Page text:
Matthew Perry apologized to Keanu Reeves after quotes from his forthcoming biography that made fun of the star went viral. Excerpts from “Friends, Lovers, and the Big Terrible Thing,” the upcoming memoir by actor Tyler Perry about his life and battle with addiction, were released on Wednesday by Variety and The New York Post. In the sections, Perry talks about his friendship with the late River Phoenix, whom he collaborated with on the 1988 movie “A Night in the Life of Jimmy Reardon,” as well as his feelings following Phoenix’s overdose death in 1993.
In the book, Perry stated that River was “a gorgeous man, inside and out – too beautiful for this world, it turned out.” “The men that fall tend to invariably be the genuinely gifted ones. Why does Keanu Reeves still live among us when creative minds like River Phoenix and Heath Ledger pass away? I was funny; River was a better actor. But even so, I managed to hold my own in our sequences, which is no minor accomplishment in retrospect.
In a later paragraph, Perry makes another allusion to Reeves when he describes how he felt upon hearing that Chris Farley, with whom he co-wrote the movie “Almost Heroes,” had also passed away in 1997 from an overdose: “His sickness had advanced quicker than mine had. Additionally, we did not share my healthy fear of the word “heroin,” Perry adds. “I dug a hole in the wall of Jennifer Aniston’s dressing room as soon as I realized this. We can see Keanu Reeves among us. Two weeks after his passing, I had to advertise “Almost Heroes,” which required me to talk about his drug and alcohol-related death in public. I was intoxicated the whole time.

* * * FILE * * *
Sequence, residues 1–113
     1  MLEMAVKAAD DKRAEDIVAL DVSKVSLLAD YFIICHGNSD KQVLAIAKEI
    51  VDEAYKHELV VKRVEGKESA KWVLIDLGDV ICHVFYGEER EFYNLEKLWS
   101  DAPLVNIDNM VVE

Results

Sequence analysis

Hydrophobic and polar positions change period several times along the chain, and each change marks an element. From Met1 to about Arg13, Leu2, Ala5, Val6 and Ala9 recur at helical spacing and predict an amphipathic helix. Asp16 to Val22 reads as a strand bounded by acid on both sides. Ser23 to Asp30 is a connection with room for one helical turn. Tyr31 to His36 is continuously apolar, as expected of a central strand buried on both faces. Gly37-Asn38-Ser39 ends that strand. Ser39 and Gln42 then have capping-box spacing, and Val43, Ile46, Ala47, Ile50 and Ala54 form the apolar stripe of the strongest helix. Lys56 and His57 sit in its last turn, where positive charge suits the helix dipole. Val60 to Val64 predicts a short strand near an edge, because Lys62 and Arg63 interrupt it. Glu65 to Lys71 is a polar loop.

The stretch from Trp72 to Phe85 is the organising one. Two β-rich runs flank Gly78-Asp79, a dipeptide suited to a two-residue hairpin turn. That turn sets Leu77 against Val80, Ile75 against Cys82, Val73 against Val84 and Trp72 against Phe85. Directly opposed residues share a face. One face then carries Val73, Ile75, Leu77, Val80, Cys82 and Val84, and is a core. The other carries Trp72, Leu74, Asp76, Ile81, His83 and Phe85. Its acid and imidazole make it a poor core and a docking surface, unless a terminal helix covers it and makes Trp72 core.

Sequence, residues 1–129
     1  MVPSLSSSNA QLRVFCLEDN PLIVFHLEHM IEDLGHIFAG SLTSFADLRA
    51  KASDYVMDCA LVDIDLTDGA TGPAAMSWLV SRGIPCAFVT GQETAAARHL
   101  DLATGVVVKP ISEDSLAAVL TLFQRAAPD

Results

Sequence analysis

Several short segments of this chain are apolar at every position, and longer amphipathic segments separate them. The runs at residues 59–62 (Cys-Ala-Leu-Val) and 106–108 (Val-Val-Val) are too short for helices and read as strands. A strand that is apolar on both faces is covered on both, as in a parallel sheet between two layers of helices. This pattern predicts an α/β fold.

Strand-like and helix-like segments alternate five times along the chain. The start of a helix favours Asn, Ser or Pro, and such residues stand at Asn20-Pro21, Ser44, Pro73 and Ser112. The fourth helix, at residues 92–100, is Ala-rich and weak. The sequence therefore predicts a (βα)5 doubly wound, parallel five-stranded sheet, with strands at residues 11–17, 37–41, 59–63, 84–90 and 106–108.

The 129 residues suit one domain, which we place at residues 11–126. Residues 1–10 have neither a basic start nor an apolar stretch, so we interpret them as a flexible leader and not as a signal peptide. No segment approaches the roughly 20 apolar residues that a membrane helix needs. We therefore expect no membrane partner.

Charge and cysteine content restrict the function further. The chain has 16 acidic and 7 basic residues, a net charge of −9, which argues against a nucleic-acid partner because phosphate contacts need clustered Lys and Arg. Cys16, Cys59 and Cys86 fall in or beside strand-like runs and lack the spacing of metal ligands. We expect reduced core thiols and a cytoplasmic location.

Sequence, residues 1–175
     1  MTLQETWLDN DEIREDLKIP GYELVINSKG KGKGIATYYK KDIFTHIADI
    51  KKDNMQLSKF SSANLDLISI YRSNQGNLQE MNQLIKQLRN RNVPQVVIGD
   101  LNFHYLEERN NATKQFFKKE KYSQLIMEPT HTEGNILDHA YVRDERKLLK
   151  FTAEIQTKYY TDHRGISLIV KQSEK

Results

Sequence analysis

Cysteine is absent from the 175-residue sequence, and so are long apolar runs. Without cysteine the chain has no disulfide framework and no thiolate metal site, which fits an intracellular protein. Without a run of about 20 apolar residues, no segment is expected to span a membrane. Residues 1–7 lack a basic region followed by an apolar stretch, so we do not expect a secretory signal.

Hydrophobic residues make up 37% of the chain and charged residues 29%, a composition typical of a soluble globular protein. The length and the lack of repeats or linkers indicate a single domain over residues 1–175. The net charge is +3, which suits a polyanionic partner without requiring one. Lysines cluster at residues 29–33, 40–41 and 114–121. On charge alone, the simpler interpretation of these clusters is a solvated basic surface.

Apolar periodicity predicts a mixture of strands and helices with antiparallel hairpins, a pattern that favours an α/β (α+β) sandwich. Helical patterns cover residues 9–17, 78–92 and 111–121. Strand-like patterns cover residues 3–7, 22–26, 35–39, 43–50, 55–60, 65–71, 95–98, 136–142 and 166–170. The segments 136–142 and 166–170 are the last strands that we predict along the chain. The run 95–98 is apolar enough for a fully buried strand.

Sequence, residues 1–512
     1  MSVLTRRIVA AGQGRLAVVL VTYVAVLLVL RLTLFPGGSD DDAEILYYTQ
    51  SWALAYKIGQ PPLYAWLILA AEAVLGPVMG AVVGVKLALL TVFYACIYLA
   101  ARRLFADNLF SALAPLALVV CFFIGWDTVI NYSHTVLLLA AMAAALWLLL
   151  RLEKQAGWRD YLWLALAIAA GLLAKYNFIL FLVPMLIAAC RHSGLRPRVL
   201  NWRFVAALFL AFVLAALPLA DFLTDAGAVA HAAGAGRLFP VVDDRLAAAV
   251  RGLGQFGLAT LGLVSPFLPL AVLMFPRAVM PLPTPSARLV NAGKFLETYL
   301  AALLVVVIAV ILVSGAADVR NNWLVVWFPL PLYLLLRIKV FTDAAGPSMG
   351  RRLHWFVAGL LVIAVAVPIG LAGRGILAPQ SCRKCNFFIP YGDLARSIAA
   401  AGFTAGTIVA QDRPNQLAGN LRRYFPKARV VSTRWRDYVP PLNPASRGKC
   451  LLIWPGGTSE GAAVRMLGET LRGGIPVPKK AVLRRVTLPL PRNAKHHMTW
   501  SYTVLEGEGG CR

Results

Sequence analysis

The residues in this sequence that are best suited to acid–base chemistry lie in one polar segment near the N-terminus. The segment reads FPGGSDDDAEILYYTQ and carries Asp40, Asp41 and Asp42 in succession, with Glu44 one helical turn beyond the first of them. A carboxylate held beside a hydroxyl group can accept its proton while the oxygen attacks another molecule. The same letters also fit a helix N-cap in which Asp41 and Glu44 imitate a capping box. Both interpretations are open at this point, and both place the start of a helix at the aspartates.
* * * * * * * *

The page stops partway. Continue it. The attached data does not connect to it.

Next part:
In an interview with People Magazine, Perry admitted, “I’m a huge admirer of Keanu. “I made a mistake; I just picked a random name. I’m sorry. Instead, I ought to have used my name. Given that Reeves and Phoenix, who acted together in the 1991 film “My Own Private Idaho,” were close friends, many people on social media found Perry’s comments offensive. On Twitter, actors including Rahul Kohli, Lynda Carter, and Rachel Zegler expressed their support for Reeves.
In other parts of his biography, Perry discussed his battles with addiction in great detail, including a near-fatal opioid overdose in 2018 and a medical issue that caused him to withdraw from Adam McKay’s “Don’t Look Up.”